The larger maximum aperture Heliar falls into a slightly different category. While retaining all the outward feel of an 80- or 70-year-old Leitz Summar or Summitar, this new multicoated lens endows a completely different look to images. Different from the Leica camp in all respects with regard to contrast and sharpness in the image centre or at the periphery, the f/2 Heliar has a fingerprint all its own with very rounded objects in out-of-focus planes.
Edge-to-edge sharpness at maximum aperture is good, slightly better in the centre than at the periphery, and contrast is about the same at this stop as for the f/3.5 model. Very slight vignetting is visible when the subject comprises large areas of single light tones, but for general-use purposes it is not an issue and, if anything, adds extra depth to the image.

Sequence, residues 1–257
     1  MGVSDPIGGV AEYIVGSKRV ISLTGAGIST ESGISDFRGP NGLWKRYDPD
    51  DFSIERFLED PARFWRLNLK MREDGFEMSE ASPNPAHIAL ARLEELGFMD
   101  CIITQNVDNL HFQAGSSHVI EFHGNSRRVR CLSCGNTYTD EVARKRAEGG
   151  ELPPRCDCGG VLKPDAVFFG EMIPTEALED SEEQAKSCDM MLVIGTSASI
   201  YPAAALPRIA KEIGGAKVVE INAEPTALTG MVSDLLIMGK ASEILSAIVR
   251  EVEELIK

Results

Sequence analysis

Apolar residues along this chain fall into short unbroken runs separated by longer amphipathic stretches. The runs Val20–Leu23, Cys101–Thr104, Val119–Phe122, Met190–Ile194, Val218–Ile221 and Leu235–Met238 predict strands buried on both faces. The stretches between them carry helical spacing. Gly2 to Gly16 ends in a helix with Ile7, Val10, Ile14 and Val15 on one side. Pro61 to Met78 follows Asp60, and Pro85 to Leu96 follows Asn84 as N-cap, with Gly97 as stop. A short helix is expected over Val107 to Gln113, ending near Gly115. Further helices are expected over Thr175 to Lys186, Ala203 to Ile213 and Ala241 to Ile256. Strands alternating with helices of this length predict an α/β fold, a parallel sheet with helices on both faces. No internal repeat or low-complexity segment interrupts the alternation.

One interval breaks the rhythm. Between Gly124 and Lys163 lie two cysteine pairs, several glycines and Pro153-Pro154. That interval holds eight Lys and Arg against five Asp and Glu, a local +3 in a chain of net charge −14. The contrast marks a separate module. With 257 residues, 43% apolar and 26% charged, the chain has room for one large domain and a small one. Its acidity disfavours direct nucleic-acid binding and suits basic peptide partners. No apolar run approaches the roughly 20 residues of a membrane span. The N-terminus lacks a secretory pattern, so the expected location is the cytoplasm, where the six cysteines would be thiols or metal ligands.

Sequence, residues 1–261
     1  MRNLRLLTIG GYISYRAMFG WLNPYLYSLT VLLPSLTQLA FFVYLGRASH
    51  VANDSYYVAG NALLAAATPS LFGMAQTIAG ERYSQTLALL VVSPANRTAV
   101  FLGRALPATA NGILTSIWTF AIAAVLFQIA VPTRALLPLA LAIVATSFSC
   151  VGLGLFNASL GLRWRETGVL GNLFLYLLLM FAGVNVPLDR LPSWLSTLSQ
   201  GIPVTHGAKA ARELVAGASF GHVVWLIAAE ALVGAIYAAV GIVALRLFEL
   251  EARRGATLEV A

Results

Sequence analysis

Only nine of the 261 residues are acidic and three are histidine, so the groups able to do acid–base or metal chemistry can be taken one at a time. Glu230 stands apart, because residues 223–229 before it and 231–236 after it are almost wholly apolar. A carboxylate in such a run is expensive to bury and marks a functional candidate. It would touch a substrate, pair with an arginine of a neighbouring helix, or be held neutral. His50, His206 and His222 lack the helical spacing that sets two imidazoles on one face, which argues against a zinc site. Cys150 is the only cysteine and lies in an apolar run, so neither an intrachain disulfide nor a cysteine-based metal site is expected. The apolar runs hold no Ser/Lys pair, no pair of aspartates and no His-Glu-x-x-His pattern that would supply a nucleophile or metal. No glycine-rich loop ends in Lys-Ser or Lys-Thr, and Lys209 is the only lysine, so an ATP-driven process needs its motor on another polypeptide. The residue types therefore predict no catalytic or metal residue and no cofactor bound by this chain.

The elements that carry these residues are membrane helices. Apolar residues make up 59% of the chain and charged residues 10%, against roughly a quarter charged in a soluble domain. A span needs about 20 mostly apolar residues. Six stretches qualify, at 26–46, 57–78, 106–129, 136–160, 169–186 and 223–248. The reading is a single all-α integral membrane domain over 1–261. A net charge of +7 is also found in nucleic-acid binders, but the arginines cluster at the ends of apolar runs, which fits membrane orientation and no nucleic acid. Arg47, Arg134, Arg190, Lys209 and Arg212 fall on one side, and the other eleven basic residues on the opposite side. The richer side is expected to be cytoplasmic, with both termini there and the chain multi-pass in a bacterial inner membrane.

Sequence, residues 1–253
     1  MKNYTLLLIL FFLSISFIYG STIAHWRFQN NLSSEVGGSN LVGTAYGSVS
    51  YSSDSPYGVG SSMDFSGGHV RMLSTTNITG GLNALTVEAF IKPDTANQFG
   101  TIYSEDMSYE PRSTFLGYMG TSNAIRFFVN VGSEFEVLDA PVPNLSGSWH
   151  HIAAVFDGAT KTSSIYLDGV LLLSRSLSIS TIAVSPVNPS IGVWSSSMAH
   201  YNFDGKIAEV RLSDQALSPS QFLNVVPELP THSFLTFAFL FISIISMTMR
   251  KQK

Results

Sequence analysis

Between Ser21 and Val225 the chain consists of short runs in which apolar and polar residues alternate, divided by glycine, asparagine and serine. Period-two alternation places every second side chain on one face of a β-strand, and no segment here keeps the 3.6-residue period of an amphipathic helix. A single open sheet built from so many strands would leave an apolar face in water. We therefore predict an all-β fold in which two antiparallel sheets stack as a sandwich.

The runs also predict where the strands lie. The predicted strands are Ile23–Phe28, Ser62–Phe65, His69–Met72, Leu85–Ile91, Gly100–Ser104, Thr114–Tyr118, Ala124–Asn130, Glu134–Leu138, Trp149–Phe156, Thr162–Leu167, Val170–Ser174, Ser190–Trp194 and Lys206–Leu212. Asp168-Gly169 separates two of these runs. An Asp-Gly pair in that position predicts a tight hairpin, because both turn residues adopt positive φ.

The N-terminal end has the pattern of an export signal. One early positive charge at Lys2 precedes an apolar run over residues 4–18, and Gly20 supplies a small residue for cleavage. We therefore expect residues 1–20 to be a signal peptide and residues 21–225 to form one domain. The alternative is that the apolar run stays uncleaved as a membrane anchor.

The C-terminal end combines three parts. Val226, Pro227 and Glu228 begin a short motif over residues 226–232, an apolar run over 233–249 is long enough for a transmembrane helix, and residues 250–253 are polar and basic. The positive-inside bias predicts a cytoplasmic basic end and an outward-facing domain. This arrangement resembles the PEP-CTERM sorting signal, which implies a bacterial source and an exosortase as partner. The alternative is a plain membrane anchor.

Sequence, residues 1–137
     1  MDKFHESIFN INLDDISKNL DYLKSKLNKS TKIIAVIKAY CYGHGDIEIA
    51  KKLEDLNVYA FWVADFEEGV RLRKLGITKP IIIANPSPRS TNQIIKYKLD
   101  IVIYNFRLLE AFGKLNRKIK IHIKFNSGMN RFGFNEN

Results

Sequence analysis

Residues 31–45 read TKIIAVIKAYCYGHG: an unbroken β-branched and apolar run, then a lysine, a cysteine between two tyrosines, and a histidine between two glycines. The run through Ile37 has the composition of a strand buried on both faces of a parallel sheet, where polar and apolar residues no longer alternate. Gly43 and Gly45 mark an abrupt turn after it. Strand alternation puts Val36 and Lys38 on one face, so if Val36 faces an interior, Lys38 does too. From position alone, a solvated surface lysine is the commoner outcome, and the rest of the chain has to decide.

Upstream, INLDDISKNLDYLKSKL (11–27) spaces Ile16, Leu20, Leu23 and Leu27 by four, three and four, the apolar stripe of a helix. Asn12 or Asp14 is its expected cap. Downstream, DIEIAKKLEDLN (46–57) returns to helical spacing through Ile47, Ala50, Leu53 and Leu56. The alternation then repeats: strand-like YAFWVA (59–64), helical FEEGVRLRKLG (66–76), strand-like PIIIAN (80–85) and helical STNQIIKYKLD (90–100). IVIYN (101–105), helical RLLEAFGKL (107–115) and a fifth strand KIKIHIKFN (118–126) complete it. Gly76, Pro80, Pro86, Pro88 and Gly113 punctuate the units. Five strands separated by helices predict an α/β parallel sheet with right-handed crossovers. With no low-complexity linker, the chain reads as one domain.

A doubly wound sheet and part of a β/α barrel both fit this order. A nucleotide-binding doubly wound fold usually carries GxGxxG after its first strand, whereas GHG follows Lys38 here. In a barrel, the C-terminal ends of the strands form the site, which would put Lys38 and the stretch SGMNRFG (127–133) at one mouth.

Stopping down to f/4 brings in a higher level of sharpness at the centre for small image objects and by f/5.6 to f.6.3, excellent performance is achieved with moderate to high contrast and no visible corner shading. Geometric distortion is not evident.
Only results obtained from optical bench testing more clearly show the micro differences of resolving ability, contrast and other aberrations we are likely to experience with objectives designed and produced in the 21st century.
From a purely practical viewpoint and the only one that really counts in my book, field testing provides the more valuable data and shows clearly the aesthetic high and low points of lenses we might hanker after.
For technical work, such as document copying or macro or microphotography, other glass is more suited. These two lenses are clearly designed for pictorial work, and as such they offer an excellent all-round performance with both digital or analogue at relatively modest cost